LPAsEnduring Power of Attorney Overview

5 July 2019by Liam Smith0

There are clients who are still in possession of an Enduring Power of Attorney (EPA) and one of the first questions that a client may ask is if it is still valid. If the EPA was signed before 1 October 2007 in the correct manner, then yes, the EPA will still be valid.

Enduring Power of Attorney Background

An EPA was created to allow the Donor to appoint individuals they trust to act as their Attorneys should they lose mental capacity. However, EPAs were limited to financial assets, making it the predecessor of todays Property and Financial Affairs Lasting Power of Attorney (LPA).

An EPA can be used before it’s registered if the Donor still has mental capacity and the EPA does not have any restrictions. If the Donor does not have mental capacity, an EPA must be registered before it can be used by the Attorneys. The Attorneys would need to register the EPA if they believe the Donor is becoming mentally incapable of managing their affairs.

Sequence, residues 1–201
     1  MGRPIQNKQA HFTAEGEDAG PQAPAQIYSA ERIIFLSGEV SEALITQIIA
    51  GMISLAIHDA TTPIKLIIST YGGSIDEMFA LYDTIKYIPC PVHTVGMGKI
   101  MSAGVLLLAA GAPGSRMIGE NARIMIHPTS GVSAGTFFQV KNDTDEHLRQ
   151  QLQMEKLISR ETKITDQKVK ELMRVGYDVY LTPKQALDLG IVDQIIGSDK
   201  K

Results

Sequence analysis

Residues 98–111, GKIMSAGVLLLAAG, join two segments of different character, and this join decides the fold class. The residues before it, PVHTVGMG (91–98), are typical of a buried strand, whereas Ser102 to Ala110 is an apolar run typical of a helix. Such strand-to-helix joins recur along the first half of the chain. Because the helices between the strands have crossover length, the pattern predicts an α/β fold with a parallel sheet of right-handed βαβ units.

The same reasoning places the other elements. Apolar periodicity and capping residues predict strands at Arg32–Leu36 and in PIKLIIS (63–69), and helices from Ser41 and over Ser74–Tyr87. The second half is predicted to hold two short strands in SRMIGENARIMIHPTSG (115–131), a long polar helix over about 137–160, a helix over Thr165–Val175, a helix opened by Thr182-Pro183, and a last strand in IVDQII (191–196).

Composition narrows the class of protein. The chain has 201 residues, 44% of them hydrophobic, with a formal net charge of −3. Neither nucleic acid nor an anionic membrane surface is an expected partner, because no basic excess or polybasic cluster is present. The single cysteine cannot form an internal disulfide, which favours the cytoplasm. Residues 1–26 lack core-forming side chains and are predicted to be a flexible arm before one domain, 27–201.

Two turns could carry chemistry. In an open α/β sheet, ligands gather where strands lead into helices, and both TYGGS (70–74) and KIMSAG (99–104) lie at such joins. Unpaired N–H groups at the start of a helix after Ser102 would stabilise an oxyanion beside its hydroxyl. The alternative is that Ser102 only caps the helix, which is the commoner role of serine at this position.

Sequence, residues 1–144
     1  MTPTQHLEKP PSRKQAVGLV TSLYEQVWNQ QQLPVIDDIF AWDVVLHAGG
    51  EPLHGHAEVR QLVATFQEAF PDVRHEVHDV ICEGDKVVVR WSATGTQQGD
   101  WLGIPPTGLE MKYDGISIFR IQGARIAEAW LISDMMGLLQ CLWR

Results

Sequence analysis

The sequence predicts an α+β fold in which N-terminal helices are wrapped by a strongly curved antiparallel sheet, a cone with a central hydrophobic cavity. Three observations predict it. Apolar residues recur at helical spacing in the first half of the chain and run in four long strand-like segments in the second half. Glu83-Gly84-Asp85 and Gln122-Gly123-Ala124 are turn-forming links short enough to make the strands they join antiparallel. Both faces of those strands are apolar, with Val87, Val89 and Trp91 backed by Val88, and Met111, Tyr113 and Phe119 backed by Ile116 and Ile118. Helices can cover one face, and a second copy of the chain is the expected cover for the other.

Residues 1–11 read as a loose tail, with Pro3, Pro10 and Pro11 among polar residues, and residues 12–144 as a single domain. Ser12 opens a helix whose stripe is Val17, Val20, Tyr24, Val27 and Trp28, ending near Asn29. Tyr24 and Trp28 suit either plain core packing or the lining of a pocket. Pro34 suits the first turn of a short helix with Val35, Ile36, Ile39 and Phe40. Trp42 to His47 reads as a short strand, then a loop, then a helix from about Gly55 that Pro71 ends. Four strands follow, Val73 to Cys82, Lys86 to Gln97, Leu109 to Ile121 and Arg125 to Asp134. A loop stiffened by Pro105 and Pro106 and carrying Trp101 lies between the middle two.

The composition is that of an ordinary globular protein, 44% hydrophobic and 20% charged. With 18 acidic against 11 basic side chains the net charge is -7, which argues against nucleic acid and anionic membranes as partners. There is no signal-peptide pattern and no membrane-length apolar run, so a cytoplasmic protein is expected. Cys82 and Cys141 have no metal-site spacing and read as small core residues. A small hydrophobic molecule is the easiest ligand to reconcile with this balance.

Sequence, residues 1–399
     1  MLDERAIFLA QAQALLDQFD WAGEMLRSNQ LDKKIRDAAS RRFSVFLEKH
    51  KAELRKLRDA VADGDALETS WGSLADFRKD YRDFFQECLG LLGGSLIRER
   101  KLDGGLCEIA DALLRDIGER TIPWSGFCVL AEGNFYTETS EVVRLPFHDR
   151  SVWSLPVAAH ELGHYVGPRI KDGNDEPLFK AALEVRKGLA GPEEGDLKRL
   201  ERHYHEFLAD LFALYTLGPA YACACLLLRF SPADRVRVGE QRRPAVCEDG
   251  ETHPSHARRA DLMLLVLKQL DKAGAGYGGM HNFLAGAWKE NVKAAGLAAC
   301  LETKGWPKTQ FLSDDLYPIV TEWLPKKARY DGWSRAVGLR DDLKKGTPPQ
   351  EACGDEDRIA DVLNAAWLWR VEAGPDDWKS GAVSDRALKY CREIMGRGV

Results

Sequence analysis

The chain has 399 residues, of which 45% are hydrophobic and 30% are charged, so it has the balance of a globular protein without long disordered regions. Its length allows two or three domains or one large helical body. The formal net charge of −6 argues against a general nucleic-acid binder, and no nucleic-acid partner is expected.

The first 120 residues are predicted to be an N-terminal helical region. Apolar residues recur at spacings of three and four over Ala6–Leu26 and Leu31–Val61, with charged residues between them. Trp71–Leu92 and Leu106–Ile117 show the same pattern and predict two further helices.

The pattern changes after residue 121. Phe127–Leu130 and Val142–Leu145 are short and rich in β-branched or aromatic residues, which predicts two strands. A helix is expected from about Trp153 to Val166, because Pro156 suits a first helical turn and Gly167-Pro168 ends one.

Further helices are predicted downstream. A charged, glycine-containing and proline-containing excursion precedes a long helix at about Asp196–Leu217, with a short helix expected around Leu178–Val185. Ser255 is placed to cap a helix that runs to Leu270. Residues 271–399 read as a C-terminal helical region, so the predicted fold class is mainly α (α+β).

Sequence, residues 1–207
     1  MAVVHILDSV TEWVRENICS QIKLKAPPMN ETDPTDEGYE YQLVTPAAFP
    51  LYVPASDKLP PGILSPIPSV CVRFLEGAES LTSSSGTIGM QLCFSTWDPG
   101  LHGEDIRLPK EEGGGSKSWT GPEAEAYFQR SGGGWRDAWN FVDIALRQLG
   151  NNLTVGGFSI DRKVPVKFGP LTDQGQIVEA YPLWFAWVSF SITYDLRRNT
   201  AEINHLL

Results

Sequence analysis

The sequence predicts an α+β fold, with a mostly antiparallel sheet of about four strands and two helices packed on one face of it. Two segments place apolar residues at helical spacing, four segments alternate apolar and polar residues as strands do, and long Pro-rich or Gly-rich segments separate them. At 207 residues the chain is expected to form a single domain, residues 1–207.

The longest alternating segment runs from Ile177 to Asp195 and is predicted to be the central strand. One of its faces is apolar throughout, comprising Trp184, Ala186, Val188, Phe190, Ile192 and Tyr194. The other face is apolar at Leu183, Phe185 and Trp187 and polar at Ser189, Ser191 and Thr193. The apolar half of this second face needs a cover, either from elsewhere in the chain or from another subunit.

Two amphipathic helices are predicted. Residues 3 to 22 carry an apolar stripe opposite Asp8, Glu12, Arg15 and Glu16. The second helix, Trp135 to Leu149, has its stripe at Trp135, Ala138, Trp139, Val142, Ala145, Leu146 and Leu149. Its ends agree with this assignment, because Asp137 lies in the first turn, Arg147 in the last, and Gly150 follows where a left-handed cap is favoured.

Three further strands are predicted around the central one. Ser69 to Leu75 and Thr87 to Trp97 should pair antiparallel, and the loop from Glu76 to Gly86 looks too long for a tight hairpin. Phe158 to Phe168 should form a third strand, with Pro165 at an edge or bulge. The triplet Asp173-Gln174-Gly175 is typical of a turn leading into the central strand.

Unlike LPAs, the donor could not choose who they wish to be notified of the registration of the EPA. Instead the Enduring Powers of Attorney Act 1985 states that when an Attorney applies to register the EPA, they must notify the Donor and a minimum of three other people who are;

  • their nearest relatives; and
  • any other Attorneys if they are not jointly registering the EPA.

Any individual in receipt of a notice may object to the registration of the EPA.
The list of notifying people and the order of priority is extensive; however, the full list can be found on the Office of the Public Guardians’ EPA guidance.


Depending on the length of time since the EPA was created, it would be advisable for the Donor to review their EPA to determine if they require an LPA. They do not need to create a new LPA if any details, such as the address of the Attorneys are out of date. But would need to if they wish to add or remove any of the contents of the EPA, for example; Attorneys or restrictions. A signed EPA must not be amended.

An EPA does not grant the Attorneys any power of the Donors Health and Welfare. If the Donor does not have a Health and Welfare LPA, it would be advisable for them to create one.

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